A London-based Dutch designer has combined art, science, chemistry and solar know-how to bring beauty and energy to buildings via a power-producing stained-glass window.
Marjan van Aubel has teamed up with scientists, designers and manufacturers to create a window using coloured glass and dye-sensitised solar cells.
The window can charge small electrical devices via USB ports incorporated into its frame or ledge, and is aptly titled “Current Window”.
It all works by putting titanium dioxide particles on a piece of transparent glass that is then dyed. The dyeing allows the titanium dioxide to better absorb sunlight.
Like photosynthesis – how plants convert sunlight into energy – the dyed solar glass uses the properties of colour to harness light to create energy.
When light falls on the pattern of blue, orange, and pink dye-sensitised solar cells, electrons stored in the titanium dioxide are released, creating an electrical current.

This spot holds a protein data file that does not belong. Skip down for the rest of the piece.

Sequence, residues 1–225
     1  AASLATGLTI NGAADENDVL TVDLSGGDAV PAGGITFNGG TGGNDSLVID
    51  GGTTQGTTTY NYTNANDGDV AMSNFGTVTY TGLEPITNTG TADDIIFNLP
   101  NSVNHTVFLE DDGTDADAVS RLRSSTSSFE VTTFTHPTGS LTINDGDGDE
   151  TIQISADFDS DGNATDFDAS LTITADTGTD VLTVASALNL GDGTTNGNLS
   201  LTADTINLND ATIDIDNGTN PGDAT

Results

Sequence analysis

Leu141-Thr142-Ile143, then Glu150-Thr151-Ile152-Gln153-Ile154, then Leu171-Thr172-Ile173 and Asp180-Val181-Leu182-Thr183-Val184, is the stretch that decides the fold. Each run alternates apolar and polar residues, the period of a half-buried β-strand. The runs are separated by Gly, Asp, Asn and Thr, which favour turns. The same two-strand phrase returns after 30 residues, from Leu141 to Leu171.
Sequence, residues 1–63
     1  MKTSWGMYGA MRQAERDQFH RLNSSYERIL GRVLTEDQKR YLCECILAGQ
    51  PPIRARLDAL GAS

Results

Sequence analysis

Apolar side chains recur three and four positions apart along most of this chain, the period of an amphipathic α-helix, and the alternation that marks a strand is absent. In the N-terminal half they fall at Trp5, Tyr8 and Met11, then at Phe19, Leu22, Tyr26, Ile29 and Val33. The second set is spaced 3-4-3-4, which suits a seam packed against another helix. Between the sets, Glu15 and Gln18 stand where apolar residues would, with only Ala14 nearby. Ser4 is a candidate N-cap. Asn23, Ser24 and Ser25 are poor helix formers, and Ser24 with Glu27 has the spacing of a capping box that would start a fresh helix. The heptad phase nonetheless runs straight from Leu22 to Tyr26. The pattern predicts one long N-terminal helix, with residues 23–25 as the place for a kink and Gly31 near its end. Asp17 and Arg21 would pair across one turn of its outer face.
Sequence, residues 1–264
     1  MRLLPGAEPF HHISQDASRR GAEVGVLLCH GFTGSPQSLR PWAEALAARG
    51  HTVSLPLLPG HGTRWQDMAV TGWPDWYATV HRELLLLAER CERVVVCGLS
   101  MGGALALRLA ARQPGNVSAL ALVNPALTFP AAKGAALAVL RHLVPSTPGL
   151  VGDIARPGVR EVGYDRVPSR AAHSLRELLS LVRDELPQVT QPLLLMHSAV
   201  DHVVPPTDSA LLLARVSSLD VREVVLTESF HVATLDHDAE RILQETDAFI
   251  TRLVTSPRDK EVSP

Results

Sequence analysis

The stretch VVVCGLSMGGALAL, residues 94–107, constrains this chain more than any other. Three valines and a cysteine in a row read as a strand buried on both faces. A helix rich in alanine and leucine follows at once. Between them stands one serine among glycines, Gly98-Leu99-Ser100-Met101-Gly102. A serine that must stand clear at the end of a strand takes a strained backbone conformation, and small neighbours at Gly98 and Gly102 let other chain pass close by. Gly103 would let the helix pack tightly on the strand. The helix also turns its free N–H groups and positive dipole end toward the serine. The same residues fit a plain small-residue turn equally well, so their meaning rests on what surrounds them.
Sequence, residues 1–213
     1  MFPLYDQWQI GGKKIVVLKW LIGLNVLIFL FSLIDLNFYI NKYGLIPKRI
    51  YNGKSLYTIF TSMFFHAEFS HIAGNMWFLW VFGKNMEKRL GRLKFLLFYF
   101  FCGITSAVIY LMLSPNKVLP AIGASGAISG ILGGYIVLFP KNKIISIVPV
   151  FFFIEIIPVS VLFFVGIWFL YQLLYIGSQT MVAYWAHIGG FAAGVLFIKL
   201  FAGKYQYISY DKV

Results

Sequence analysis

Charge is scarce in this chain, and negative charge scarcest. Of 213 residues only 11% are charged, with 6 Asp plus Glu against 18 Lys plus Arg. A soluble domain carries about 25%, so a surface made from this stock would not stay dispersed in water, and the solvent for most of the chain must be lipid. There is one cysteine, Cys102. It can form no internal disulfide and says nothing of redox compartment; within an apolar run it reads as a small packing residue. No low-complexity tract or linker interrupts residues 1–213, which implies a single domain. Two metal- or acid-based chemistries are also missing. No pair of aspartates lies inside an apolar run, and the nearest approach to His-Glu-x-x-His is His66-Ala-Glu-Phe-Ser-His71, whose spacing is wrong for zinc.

Unlike traditional solar cells that require direct sunlight to generate a current, van Aubel’s designs can charge even in diffused light.
The solar cells are packed between two panes of toughened glass and connected to a battery. The window can sustainably generate up to 25 watts per day, and the battery provides power in low light conditions.
Not just for homes
The first “Current Window” will be installed in a London home later in 2015.
Van Aubel’s window will not only suit home-owners looking for renewable energy, but will also offer significant sustainable energy benefits when installed in schools, hospitals, libraries and offices, which can harness free, sustainable power from their larger window areas.
See de zeen magazine for more information.